Inputs¼ inch Standard(Balanced), RCA(Unbalanced), 1/8 inch Aux-in
Outputs1/8 inch Headphone-out with speaker-mute
Room CorrectionNo
Size (L x W x H)12.4 cm x 15.3 cm x 24.7 cm

AlesisElevate 5 MkII

AlesisElevate 5 MkII studio monitor
What We Like
  • Wooden cabinet
  • Decent clarity
  • Bass boost switch makes casual listening more pleasurable
What We Don’t
  • High sound levels could cause some distortion
  • Headphone output level is low

The Elevate 5 MkII is a budget 80W studio monitor with a 5-inch woofer. Its tweeter is elliptically shaped for better sound dispersion and a widened sweet-spot.

This is a backfiring monitor with decent bass and overall sound considering the price range of these speakers. It is great as a multimedia speaker but may not be the best choice for professional mixing purposes. Lack of low-end can be compensated by using the bass-boost switch at the back.

The best thing about the Elevate 5 Mkii is that it’s cabinet is made out of high-density wood. This ensures that unwanted rattling and resonance, which can be very bothersome in any studio setup, gets dampened. Stereo 1/4inch and RCA inputs can be found at the back. The front has a 1/8” headphone out and a volume control knob.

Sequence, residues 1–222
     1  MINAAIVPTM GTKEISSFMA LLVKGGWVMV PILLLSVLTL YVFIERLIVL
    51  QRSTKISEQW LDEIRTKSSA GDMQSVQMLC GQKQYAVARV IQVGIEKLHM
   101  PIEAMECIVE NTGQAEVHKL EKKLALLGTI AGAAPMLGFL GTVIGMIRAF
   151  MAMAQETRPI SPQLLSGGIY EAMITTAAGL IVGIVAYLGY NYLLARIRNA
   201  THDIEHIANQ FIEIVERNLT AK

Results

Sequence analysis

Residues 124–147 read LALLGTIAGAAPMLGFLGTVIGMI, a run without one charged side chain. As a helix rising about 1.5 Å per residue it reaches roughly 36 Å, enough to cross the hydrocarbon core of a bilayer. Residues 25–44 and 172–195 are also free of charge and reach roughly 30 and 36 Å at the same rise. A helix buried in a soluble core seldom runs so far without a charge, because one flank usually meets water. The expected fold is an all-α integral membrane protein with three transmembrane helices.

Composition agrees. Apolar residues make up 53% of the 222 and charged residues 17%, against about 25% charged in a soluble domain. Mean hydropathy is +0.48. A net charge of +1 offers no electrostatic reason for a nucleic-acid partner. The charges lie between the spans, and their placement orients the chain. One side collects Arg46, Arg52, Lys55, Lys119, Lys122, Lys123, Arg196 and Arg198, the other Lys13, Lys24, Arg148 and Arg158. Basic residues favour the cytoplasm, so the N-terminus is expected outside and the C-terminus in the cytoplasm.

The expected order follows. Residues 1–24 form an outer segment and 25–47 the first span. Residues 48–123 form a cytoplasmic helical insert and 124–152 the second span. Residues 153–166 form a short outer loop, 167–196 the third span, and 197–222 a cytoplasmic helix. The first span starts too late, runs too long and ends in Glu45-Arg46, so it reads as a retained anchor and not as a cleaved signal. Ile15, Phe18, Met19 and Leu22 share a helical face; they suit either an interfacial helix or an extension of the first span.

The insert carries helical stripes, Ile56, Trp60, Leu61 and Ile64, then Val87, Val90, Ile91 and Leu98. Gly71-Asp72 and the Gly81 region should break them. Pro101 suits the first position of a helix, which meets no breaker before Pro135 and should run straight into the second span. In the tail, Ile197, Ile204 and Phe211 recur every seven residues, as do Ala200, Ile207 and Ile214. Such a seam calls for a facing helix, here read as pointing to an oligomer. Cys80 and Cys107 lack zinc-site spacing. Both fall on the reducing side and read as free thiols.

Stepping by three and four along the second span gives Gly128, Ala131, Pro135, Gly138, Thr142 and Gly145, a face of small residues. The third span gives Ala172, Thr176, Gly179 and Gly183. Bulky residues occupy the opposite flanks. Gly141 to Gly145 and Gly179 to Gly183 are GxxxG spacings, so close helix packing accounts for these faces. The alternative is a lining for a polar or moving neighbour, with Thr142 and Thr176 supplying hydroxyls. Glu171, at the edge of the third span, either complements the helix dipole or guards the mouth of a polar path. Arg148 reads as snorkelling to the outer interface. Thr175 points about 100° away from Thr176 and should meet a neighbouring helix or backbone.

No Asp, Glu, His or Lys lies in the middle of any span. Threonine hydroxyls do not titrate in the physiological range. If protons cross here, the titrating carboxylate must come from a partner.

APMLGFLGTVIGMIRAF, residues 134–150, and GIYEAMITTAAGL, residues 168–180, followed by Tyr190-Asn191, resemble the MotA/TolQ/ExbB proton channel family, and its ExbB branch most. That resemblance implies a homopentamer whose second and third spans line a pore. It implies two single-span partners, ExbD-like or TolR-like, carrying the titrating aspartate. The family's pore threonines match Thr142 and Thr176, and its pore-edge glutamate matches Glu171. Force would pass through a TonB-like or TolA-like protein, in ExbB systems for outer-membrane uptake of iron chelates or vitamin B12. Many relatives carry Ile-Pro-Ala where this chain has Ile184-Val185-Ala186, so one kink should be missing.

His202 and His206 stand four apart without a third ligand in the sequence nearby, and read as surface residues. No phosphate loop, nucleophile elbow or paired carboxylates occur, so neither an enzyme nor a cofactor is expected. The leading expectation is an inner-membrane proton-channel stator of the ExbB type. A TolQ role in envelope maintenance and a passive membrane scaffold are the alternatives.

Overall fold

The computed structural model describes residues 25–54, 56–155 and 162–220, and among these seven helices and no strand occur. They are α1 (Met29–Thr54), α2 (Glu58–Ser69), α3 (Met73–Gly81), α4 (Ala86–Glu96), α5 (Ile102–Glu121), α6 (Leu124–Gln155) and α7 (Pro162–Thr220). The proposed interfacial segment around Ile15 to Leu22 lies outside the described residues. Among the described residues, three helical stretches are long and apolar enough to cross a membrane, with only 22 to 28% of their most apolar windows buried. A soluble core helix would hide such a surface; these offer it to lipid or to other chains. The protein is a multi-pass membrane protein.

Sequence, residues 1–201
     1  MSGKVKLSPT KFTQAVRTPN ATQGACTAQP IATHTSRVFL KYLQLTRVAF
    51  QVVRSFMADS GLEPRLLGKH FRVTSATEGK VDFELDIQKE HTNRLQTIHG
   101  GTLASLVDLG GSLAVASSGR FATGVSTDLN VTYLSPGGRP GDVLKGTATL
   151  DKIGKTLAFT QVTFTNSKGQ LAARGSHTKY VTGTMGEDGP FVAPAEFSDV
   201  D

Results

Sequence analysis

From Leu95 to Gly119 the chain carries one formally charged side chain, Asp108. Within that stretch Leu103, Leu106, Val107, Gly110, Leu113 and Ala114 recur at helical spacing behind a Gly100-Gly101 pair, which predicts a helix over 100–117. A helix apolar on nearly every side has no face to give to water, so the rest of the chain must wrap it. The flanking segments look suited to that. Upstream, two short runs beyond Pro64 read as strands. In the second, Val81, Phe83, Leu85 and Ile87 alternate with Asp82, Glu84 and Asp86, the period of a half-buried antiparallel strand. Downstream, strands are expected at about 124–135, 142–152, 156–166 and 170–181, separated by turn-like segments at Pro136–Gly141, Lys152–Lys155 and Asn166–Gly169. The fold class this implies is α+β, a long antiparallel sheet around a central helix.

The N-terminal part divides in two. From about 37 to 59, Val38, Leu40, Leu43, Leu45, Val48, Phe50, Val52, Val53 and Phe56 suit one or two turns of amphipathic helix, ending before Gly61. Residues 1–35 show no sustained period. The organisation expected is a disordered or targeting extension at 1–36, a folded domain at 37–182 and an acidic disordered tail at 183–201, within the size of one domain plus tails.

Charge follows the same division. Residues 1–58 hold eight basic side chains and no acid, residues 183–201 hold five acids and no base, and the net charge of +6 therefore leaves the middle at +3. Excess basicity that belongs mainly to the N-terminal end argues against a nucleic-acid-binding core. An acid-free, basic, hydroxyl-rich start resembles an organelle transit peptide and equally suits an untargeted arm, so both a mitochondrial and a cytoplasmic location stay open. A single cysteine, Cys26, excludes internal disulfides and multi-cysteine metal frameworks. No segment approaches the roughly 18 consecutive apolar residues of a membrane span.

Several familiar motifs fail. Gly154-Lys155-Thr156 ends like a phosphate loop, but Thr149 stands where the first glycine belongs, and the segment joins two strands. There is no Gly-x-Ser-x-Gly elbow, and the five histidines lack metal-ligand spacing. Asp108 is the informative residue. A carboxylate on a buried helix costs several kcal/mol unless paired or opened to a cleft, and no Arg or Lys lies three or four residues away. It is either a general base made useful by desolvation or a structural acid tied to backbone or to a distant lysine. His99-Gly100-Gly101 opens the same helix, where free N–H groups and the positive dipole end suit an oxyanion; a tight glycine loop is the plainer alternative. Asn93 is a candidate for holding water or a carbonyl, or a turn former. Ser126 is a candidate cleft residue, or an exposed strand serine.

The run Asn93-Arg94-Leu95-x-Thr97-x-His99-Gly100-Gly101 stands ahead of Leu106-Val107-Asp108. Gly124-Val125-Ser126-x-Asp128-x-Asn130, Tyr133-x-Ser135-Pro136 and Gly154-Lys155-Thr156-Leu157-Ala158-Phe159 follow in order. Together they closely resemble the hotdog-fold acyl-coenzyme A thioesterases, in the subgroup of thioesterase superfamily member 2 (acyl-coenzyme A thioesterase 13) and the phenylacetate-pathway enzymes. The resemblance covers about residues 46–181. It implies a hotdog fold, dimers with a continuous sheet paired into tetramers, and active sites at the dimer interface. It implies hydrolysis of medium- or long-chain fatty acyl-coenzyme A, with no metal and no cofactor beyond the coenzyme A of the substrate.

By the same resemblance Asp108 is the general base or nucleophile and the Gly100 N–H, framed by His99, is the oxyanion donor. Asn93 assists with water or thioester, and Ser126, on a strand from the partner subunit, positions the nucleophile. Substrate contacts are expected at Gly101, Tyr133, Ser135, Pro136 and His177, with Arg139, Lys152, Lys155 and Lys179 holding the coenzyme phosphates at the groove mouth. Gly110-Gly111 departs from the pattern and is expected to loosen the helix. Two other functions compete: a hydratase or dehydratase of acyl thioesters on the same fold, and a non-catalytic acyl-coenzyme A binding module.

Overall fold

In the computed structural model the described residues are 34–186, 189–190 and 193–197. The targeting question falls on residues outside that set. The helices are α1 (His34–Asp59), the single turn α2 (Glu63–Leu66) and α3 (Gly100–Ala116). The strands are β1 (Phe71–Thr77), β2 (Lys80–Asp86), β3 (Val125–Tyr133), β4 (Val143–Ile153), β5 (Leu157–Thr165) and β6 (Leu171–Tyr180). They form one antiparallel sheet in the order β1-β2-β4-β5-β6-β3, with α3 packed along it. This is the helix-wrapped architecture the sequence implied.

Output Power80W
Woofer size5-inch
Tweeter size1-inch
Frequency Range56Hz-20KHz
Inputs¼ inch Standard(Balanced), RCA(Unbalanced)
Outputs1/8 inch Headphone-out
Room CorrectionNo
Size (L x W x H)22.1 cm x 18.4 cm x 26.9 cm

PreSonus Eris E3.5

What We Like
  • Kevlar woofer
  • Solid construction
  • Flat frequency response and punchy bass
  • Room-correction controls
What We Don’t
  • Left/right speakers not switchable

Presonus has truly hit one out-of-the-stadium with the Eris E3.5. These monitors hold an exceptional value for the price. The 3.5” woofer might not be the biggest in the price range but is made out of Kevlar and not just some flimsy paper material. With an output of 50W, these monitors should be sufficient for any home studio.